Going through the divorce process can be confusing and emotionally overwhelming. However, sometimes couples have no choice but to end their marriages due to irreconcilable differences.
Every state has its own requirements for completing the divorce process. Here is a look at what the divorce process looks like in the state of Arizona.
What do the divorce laws say in Arizona?
According to Arizona law, either you or your spouse must have resided in Arizona for a minimum of 90 days prior to commencing with a divorce filing. In addition, the state — like most other states — permits no-fault divorces.
With a no-fault divorce, you do not need to prove that the divorce is your spouse's fault. Instead, you simply need to provide a reason for divorce that is honored by the state. In Arizona, a recognized reason is the fact that your marital union is irretrievably broken. This essentially means that you and the other party cannot get along and that it is impossible for you to repair your relationship.
What if your spouse disagrees with your view of your marriage?
If your spouse does not feel that your marriage is irretrievably broken, the court might order a conciliation conference to address the matter in a confidential manner. Then, a hearing will take place, during which the court will make a finding regarding whether your marriage is indeed broken due to the absence of any reasonable possibility of reconciliation.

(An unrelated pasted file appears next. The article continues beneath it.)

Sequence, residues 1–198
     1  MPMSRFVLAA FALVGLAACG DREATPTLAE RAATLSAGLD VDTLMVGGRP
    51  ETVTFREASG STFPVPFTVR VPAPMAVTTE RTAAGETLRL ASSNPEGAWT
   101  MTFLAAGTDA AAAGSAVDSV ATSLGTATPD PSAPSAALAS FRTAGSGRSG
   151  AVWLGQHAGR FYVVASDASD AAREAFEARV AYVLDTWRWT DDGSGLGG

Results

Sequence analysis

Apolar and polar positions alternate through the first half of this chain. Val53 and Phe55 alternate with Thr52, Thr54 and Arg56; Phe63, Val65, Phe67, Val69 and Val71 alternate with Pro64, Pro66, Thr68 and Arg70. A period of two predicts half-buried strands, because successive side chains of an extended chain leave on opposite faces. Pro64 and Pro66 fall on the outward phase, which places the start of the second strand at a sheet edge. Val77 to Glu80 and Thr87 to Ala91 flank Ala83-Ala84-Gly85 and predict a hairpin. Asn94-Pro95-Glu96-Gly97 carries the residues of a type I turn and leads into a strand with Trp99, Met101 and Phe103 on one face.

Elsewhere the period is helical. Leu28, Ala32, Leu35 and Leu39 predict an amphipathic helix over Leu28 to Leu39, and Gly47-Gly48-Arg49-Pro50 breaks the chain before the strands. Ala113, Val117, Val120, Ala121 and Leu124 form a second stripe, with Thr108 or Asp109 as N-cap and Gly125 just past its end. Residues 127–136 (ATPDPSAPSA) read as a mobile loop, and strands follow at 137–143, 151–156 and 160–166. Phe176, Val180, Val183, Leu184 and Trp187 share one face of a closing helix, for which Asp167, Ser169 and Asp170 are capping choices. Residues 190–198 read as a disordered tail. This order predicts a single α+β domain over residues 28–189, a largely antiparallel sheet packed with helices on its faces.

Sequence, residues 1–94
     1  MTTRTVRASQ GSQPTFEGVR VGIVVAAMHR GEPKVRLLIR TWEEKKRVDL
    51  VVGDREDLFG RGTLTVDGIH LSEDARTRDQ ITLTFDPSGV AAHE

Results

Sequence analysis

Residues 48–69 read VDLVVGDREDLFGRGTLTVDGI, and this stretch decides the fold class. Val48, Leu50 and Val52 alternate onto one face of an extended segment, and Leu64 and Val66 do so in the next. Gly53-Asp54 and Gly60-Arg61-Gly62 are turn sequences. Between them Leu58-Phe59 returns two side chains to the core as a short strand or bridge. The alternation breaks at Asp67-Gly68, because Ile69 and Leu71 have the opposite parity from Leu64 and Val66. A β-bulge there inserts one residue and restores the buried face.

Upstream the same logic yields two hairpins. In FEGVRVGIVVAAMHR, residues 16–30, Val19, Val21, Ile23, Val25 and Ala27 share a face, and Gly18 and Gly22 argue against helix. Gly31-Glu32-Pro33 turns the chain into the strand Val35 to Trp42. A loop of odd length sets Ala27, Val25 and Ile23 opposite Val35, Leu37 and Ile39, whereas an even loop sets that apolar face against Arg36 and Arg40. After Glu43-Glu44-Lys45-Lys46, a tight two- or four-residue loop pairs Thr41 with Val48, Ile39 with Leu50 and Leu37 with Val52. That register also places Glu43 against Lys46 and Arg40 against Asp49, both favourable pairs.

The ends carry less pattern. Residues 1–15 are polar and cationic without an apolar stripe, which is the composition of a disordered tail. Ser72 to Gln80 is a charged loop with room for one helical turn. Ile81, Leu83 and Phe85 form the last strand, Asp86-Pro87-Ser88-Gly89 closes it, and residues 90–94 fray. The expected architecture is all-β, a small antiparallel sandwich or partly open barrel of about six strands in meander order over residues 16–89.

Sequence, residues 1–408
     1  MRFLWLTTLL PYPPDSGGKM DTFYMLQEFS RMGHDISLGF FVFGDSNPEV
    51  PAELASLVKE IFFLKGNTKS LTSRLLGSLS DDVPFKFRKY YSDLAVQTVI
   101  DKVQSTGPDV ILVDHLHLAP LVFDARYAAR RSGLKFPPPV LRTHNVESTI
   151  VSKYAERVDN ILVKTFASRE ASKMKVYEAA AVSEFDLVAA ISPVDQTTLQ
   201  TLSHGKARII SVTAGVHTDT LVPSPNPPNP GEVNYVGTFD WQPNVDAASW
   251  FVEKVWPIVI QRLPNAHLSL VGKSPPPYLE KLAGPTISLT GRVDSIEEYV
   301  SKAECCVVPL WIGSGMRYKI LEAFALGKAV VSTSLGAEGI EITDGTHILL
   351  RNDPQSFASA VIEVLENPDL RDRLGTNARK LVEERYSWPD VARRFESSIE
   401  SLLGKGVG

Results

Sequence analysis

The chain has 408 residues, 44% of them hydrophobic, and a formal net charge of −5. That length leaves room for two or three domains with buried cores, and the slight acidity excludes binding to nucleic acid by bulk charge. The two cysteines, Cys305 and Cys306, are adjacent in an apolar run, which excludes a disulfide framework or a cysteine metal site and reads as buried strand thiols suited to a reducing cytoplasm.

What are additional grounds for divorce?
Other legitimate reasons to get divorced in Arizona include the following:
- Conviction of felony
- Abandonment for a year
- Living apart for a couple of years, or for one year following separation
- Sexual abuse
A divorce may also be possible if drug and/or alcohol abuse is a problem in the marriage. In addition, divorce is possible if both spouses simply agree to breakup their marriage.
Your rights during a divorce proceeding
If you have decided to go through the divorce process, it is within your rights to pursue the most personally favorable outcome possible when dealing with tricky matters such as property division, alimony, child custody and child support. You and your spouse may be able to achieve a mutually satisfactory settlement outside of court, thus avoiding further court intrusion. However, if this is not possible, you will have to rely on a judge to make the final decisions for you regarding your divorce matters.